By using we can relate the metrics . Since the map is analytic (albeit complex), the curvature tensors are also related via . For the operators this has a very useful consequence. First, we note that scalar polynomial invariants are invariant under ; therefore, the eigenvalues of and are identical at . Consequently, the eigenspace decomposition is identical also. (This seems almost too remarkable to be true). Over the neigbourhoods and we can, in general, relate the eigenvalues: .
Since, a Riemannian space is always characterised by its invariants, we immediately have the following result:
Theorem 5.1.
Assume that a space, , of any signature can be analytically continued, in the sense above, to a Riemannian space (of Euclidean signature). Then the spacetime is characterised by its invariants in either a weak or strong sense.
Note that the result is actually stronger than this because not only is it diagonalisable, if we have a symmetric tensor giving rise to an operator (for example ) then, since the Riemannian space must have a symmetric operator , the eigenvalues are real. Consequently, the eigenvalues at must also be real.
Interestingly, the reverse of the above theorem is just as useful:
Corollary 5.2.
If a spacetime is not characterised by its invariants (weakly or strongly), then there exists no analytical continuation of it to a Riemannian space.
In the above we have restricted to analytic continuations leaving a point fixed. In general, one can consider that does not necessarily leave a point fixed. However, for such complex mappings, we need to be a bit careful with the radius of convergence. On the other hand, assuming convergence, the invariants, , can still be related via . Recall that we are restricting ourselves to neighbourhoods where operators do not change algebraic form.
For spacetime metrics of algebraically special types there are also some useful ’nogo’ theorems for Lorentzian manifolds:
Corollary 5.3.
If a spacetime is of (proper) Weyl, Ricci or Riemann type N, III or II, then there exists no analytical continuation of it to a Riemannian space.
Proof.
This follows from the fact that any symmetric operator of a Riemannian space is diagonalisable. Since the Weyl, Ricci and Riemann operator of type N, III and II are not diagonalisable, the corollary follows. ∎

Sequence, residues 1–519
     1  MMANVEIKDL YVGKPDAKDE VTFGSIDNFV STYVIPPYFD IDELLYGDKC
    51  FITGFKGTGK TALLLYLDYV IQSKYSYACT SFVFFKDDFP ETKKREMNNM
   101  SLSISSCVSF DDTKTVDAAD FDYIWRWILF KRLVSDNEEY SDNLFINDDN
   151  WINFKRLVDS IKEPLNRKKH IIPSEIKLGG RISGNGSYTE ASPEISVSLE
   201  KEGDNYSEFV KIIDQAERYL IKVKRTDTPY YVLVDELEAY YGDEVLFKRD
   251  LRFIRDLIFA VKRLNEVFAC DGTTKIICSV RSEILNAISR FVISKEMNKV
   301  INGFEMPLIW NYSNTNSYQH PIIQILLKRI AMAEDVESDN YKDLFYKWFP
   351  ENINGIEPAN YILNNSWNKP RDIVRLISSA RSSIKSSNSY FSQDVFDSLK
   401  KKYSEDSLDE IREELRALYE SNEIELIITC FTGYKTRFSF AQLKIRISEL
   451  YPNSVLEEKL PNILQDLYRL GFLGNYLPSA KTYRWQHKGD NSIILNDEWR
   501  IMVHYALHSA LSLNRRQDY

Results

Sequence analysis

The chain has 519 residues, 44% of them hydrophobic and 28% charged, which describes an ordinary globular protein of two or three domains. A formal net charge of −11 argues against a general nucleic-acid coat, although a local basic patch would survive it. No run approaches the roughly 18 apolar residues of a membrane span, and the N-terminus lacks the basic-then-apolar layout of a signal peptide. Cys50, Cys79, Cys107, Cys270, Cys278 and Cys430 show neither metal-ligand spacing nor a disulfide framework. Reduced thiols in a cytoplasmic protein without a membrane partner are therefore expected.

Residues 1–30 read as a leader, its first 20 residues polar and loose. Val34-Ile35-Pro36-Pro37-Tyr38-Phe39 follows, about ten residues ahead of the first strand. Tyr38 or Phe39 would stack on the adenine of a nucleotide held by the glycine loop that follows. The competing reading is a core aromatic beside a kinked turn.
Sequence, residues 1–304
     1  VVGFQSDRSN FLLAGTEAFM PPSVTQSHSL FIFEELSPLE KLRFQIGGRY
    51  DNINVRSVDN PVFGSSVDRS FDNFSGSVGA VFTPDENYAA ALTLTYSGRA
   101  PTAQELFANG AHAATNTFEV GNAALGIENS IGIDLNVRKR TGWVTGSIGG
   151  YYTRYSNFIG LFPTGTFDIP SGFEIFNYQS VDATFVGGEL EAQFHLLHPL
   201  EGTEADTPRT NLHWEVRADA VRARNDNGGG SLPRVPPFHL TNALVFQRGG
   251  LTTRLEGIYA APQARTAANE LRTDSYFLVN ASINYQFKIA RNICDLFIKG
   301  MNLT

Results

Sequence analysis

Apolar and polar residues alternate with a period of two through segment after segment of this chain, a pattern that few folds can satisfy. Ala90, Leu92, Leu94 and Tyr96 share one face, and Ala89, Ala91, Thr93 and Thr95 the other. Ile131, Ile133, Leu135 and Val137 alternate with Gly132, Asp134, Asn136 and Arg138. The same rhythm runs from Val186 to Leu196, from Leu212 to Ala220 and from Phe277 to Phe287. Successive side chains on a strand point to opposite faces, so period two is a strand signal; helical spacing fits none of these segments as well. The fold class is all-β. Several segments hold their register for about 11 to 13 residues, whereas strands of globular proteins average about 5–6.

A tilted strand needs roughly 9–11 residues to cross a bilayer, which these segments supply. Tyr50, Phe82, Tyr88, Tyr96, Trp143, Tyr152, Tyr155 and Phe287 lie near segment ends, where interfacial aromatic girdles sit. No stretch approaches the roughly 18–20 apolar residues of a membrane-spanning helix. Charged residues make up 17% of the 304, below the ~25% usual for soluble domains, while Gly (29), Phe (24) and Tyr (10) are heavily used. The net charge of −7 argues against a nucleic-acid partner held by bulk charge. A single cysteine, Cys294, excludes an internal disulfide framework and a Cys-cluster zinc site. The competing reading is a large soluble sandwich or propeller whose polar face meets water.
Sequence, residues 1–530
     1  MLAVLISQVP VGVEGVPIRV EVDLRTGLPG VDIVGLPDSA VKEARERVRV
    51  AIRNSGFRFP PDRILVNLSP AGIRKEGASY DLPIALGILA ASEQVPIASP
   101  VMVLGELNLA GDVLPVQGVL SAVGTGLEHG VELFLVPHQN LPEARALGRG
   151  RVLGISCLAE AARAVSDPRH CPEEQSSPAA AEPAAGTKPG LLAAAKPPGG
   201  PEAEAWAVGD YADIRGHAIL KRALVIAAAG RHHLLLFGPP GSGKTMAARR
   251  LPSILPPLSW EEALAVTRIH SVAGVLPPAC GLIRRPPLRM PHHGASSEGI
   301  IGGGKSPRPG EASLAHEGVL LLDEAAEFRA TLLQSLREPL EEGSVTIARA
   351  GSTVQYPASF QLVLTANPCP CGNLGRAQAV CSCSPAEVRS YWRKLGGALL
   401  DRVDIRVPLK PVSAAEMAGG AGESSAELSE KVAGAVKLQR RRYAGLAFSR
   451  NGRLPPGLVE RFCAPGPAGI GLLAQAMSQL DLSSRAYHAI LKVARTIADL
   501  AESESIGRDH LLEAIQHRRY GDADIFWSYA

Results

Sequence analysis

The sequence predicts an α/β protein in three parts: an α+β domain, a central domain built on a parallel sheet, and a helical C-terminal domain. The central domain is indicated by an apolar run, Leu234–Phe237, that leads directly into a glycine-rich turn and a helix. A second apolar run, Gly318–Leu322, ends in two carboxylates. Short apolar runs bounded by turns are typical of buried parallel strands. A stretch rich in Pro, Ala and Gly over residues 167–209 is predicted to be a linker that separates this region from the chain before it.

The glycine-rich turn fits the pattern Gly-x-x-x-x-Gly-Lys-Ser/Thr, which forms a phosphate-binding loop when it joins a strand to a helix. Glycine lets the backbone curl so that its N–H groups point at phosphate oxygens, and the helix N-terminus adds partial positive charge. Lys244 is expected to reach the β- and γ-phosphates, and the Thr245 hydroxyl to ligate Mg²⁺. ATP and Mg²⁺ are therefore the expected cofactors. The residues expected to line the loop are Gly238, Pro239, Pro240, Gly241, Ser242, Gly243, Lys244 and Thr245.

There are also a bundle of similar results that follows from a similar analysis.
Signature and convention
Since analytic metric continuation can change the signature, we may be in a situation in which we are comparing invariants of spacetimes of different signatures. Let us note a word of caution in this regard.
Here, we have (implicitly) assumed that the Riemann tensor is given in a coordinate basis with the standard formula involving the metric and the Christoffel symbols. This formula is invariant under an overall change of signature; for example, is the same as . Consequently, the Ricci tensor, also. However, the sign matters for the Ricci scalar defined as where we get . Therefore, even if the invariants may change with a sign, the overall signature is just a convention. This is also evident from entities constructed from a nonzero curvature “vector” . The norm of this vector is an invariant ; however, in signature this is necessarily positive, ; while signature this is necessarily negative .
It is therefore crucial when comparing invariants through an analytic continuation that we specify the signature. Albeit it is conventional to say that metrics with an overall change of signature are indentical. However, the invariants of such metrics may change by a sign.
Let us be more precise. Consider an overall change of signature: , where . Using a coordinate basis, we see that the Christoffel symbols do not depend on . Consequently, the Riemann tensor, does not depend on either. Moveover, we can also see that the definition of the covariant derivatives, , do not depend on . However, raising or lowering indices introduce . Therefore, depending on whether you raise/lower an odd or even number of indicies to create an invariant, the invariant will depend (if odd) or not depend (if even) on . We can therefore split the invariants into invariants that depend on , denoted , and those that do not, denoted . Since the choice of overall sign is merely a convention we make the following identification:
(13) 
Note that in the neutral signature case changing the overall sign does not change the signature; consequently, the above map gives a nontrivial equivalence relation between invariants of neutral signature metrics.
Examples
Kasner universe:
In 1921 E. Kasner [14] wrote down a Ricci flat metric of Riemannian signature (in dimension 4 but we present it in dimension):
(14) 
Clearly, this has Killing vectors, , and therefore the invariants can only depend on : . Furthermore, since this is a Riemannian space, this space is characterised by its invariants.